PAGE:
We characterized genes that function in the photoperiodic flowering pathway in cassava. Transcriptome analysis of field-grown plants revealed characteristic expression patterns of these genes, demonstrating that field-grown cassava experiences two distinct developmental transitions. Cassava is an important crop for both edible and industrial purposes. Cassava develops storage roots that accumulate starch, providing an important source of staple food in tropical regions. To facilitate cassava breeding, it is important to elucidate how flowering is controlled. Several important genes that control flowering time have been identified in model plants; however, comprehensive characterization of these genes in cassava is still lacking. In this study, we identified genes encoding central flowering time regulators and examined these sequences for the presence or absence of conserved motifs. We found that cassava shares conserved genes for the photoperiodic flowering pathway, including florigen, anti-florigen and its associated transcription factor (GIGANTEA, CONSTANS, FLOWERING LOCUS T, CENTRORADIALIS/TERMINAL FLOWER1 and FD) and florigen downstream genes (SUPRESSOR OF OVEREXPRESSION OF CONSTANS1 and APETALA1/FRUITFUL). We conducted RNA-seq analysis of field-grown cassava plants and characterized the expression of flowering control genes. Finally, from the transcriptome analysis we identified two distinct developmental transitions that occur in field-grown cassava.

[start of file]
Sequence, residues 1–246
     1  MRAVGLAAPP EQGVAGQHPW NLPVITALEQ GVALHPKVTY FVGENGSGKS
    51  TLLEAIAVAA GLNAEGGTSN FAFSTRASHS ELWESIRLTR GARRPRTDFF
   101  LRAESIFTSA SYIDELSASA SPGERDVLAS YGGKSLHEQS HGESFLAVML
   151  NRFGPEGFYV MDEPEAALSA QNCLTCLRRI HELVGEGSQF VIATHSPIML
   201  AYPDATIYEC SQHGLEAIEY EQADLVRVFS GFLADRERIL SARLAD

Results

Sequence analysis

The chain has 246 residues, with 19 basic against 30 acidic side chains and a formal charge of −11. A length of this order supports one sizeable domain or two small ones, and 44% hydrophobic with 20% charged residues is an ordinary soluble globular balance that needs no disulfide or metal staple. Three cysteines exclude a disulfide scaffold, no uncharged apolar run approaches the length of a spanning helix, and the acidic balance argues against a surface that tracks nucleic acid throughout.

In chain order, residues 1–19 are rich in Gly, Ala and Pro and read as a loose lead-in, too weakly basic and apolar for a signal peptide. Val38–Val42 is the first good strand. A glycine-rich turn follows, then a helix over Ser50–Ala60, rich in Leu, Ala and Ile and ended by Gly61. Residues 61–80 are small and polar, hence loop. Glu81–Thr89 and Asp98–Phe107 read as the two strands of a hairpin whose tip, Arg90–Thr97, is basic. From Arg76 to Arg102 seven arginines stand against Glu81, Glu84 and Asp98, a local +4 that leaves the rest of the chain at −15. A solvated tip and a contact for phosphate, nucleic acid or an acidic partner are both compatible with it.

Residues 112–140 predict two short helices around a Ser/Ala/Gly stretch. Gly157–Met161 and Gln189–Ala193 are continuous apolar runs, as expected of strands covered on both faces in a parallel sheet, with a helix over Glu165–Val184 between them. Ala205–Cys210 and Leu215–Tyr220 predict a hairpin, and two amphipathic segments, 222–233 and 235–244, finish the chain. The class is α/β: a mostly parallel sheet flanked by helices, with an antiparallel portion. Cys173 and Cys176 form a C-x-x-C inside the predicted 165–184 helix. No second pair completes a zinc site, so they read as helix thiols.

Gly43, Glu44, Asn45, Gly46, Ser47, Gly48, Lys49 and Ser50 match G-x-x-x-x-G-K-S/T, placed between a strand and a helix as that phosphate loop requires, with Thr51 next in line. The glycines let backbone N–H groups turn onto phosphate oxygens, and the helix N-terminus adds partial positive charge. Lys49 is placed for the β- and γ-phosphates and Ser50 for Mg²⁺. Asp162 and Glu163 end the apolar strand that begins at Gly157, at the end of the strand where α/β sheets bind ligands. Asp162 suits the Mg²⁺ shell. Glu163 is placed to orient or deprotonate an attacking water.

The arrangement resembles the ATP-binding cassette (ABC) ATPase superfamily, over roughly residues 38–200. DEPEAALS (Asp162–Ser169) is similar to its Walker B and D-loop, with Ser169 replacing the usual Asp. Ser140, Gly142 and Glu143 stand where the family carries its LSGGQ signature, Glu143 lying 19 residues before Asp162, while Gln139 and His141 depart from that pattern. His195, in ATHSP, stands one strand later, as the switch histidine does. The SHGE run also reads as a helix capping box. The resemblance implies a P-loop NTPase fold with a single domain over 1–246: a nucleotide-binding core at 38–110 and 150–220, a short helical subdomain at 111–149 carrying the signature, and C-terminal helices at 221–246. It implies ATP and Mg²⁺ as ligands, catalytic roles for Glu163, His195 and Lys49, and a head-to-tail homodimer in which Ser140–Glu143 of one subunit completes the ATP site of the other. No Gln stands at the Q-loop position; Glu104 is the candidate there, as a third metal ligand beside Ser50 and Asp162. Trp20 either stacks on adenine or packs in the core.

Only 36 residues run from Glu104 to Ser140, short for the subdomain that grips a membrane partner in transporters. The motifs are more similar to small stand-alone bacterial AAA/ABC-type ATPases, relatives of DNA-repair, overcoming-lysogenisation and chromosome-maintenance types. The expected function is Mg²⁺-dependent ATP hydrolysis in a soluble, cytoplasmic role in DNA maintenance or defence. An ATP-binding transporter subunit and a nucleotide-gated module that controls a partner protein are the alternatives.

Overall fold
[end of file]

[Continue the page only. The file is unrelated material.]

Keywords: Cassava; Field transcriptome; Flowering; Flowering time genes.